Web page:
• Interesting topic. What do you think of all the race and IQ data? People like Charles Murray, James Watson, and Richard Lynn argue that there is a strong correlation and that black's IQ is stuck at 80 while whites are at 100 and North Asians at 105 (Ashkenazi Jews are the highest at 112-115). This data is supposedly consistent for over 100 years.

    Also, have you read Phillip Rushton's work? He not only argues that there are IQ differences but differences in temperment and propensities for moral behavior. The white nationalists and the racialists then take this data and these findings and run with it arguing for total racial segregation because non-whites don't have the same "civilizational abilities." Larry Auster is one such conservative. His argument is that race determines a person and determines culture. Mixing races is therefor bad.

    They all base this on correlation-coefficients. So I am curious as to your thoughts on this. I disagree with racial determinism but I must admit that I really don't know what to think about inheritable differences in the races.

    By Anonymous Anonymous, at 2:59 PM  

  • I should also add that there is one person who is a former Objectivist who argues that Ayn Rand's philosophy is flawed because it didn't take "race realism" into account:

    I disagree with his argument but I've often wondered if modern genetic discoveries would challenge Objectivism in any way.

    By Anonymous Anonymous, at 3:04 PM  

  • I'm no expert, nor do I even have an amateur interest in the topic. So, I haven't read much on the question.

    One problem is that IQ tests are not based on measuring some external objective thing (e.g. how well does this person understand this topic), but are actually designed in order to fit a particular statistical pattern.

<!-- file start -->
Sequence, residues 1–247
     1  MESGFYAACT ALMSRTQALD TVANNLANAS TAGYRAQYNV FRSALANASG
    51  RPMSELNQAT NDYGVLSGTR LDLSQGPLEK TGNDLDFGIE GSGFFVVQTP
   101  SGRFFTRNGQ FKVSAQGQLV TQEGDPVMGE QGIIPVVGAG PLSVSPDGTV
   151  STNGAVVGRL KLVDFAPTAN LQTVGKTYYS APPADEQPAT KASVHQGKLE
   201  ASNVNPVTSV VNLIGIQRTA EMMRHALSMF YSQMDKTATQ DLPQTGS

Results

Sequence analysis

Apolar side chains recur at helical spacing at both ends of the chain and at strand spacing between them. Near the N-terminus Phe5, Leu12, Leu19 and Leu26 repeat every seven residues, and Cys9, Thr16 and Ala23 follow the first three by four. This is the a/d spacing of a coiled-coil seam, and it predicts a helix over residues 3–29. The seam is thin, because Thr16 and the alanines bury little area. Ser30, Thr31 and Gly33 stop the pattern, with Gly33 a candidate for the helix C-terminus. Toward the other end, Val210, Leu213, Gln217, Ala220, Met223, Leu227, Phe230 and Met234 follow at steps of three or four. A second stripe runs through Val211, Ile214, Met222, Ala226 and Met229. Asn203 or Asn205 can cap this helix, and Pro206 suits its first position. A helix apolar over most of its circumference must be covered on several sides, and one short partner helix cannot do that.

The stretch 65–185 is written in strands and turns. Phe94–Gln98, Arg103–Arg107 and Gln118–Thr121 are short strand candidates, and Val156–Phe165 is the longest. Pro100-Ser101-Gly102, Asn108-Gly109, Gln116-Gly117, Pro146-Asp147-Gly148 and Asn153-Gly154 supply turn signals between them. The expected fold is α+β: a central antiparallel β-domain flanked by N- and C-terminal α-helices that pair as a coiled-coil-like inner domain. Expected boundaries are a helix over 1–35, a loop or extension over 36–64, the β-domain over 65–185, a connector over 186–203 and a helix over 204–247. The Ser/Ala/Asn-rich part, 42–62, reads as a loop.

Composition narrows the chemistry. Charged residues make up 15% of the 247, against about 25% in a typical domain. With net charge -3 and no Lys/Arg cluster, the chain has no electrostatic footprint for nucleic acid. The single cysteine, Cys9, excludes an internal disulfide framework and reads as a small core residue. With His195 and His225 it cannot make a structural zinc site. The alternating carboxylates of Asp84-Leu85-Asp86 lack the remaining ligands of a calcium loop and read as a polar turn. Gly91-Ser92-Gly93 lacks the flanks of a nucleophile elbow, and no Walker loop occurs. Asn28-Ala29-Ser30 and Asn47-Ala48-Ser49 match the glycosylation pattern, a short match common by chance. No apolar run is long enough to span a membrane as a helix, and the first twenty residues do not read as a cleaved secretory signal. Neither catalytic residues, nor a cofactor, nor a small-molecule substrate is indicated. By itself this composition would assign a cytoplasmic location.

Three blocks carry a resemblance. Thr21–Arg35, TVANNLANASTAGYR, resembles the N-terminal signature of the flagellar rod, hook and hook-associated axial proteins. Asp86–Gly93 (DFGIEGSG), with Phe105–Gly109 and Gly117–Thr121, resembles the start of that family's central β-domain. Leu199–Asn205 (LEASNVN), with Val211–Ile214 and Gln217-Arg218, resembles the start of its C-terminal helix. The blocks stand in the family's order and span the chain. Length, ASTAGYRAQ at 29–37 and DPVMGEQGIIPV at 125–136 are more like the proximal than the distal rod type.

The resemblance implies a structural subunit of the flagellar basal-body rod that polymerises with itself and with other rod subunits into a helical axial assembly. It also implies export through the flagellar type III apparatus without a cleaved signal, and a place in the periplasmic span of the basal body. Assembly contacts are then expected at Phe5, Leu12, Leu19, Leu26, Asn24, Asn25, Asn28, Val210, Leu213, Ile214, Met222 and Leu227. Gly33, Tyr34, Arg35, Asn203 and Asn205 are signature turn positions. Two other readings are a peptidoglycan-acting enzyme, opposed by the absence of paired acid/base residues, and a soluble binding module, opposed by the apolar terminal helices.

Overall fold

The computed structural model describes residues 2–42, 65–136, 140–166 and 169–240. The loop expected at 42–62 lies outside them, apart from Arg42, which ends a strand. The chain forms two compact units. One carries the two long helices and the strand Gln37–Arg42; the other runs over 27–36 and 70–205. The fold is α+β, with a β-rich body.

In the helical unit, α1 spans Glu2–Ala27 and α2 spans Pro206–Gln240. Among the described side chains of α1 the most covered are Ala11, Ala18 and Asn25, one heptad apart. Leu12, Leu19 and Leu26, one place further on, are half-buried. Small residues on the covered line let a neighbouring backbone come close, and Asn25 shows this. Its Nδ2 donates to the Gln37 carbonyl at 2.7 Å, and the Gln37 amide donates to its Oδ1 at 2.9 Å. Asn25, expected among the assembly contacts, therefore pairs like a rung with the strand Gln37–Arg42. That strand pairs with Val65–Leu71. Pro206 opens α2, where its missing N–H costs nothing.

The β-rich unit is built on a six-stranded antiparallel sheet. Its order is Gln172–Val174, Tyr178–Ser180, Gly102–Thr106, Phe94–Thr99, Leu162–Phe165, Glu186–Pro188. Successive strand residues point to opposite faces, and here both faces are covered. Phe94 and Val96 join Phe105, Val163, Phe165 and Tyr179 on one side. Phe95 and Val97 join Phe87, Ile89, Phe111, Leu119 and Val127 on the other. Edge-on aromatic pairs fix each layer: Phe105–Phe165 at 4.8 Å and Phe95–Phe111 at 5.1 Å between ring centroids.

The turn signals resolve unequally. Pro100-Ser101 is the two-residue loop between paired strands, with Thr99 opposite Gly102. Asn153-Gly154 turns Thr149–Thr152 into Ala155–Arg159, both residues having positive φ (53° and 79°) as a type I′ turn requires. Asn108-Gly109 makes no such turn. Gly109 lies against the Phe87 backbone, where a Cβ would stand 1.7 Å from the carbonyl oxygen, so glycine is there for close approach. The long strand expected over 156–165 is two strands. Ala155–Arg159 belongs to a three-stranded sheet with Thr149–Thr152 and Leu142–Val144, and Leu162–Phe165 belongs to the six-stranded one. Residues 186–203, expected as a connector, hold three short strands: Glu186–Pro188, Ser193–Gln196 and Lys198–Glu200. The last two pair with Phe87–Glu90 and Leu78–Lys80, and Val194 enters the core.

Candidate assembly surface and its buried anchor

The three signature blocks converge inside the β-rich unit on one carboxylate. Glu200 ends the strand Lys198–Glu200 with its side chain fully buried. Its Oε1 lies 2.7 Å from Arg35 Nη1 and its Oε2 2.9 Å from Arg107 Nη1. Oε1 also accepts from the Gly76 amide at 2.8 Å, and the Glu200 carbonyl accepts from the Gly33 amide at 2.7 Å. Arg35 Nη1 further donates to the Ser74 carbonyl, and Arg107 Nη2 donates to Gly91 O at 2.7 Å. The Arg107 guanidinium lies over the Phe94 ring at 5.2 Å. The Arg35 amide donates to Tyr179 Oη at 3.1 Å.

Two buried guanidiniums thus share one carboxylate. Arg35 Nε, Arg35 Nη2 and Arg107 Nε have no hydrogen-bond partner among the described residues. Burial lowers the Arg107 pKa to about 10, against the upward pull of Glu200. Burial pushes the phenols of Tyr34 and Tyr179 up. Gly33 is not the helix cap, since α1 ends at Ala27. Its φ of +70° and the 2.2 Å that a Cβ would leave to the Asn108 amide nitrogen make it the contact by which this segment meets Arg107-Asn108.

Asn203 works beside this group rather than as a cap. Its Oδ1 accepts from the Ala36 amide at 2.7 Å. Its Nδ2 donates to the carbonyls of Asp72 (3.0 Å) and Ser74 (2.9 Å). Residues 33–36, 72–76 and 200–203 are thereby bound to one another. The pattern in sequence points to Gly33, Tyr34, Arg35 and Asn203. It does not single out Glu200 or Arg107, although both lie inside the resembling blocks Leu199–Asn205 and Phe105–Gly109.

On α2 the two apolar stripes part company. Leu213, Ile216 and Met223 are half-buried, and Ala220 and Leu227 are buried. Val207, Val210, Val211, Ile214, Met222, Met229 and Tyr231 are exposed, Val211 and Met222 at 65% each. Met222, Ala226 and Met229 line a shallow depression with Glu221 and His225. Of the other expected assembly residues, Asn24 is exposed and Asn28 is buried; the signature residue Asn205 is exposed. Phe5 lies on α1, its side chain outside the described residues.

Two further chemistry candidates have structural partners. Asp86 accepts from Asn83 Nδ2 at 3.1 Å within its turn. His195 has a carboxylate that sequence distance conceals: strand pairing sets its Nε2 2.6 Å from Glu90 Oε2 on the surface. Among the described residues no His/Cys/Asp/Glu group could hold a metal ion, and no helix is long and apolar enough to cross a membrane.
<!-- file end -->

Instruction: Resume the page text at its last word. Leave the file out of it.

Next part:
For instance, suppose I design an IQ test, and men and women get significantly different scores. What do I do? Often, a designer will look for specific questions which are tripping up men, and specific ones which are tripping up women. Such questions are removed, because they have a bias to one sex or the other. The problem with this is that one is designing a test to fit an existing thesis: i.e. the equality of IQs between the sexes.

    Of course there are real academic performance differences between black, Asian and white kids, even in a typical U.S. suburb. My own observation -- of the general stereotypes, and of the kids who break the stereotype -- is that unbringing is the critical determining factor.

    I don't know how genetics will throw any light on philosophy in this regard. For instance, let's suppose that science concludes that one person is born with (90 - 110) range of IQ, and cannot go much outside that range despite his effort. Another is born with a (110 - 130) range. What of it? I see no philosophical significance.

    By Blogger softwareNerd, at 6:14 PM  

  • Charles Murray and others seem uninterested in this simple fact: race has no clear definition. Is a person with a white mother and black father white or black? In the USA, he or she is black, but elsewhere..? What if he or she looks light enough to pass for white?

    The idea of "scientifically" correlating race and intelligence is so ridiculous, it's amazing to me that people can take it seriously, except for the depth of bigotry that remains in societies everywhere, and the universal human urge to tribalism.

    Consider also the notion of IQ - it is simply the score on a particular test. Is that intelligence? Does anyone know what intelligence is? Is there a reason to think it IS one thing?

    As softwarenerd says, we are not measuring an "objective thing" here. But many people, in their zeal to "prove" their prejudices, will assume they know what they are talking about, and then to proceed to "measure" things about which they have no clear notion...

    By Anonymous Anonymous, at 2:15 PM  

  • Lichanos, Thanks for the comment.

    Other than racism, I think a lot of people buy into the notion of a genetic component because their actually is an "inherited" component. Except, it is not really inherited biologically, but is transmitted culturally / environmentally.

    By Blogger softwareNerd, at 3:20 AM